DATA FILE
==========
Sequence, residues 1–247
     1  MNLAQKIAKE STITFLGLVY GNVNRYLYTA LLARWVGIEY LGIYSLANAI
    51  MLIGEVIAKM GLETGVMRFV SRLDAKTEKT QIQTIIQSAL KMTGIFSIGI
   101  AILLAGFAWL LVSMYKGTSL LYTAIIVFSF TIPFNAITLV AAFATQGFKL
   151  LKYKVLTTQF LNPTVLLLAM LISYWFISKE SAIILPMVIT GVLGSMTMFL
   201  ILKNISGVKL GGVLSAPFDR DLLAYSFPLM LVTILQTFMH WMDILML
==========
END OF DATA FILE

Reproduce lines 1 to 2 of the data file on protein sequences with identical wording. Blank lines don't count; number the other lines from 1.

Sequence, residues 1–247
     1  MNLAQKIAKE STITFLGLVY GNVNRYLYTA LLARWVGIEY LGIYSLANAI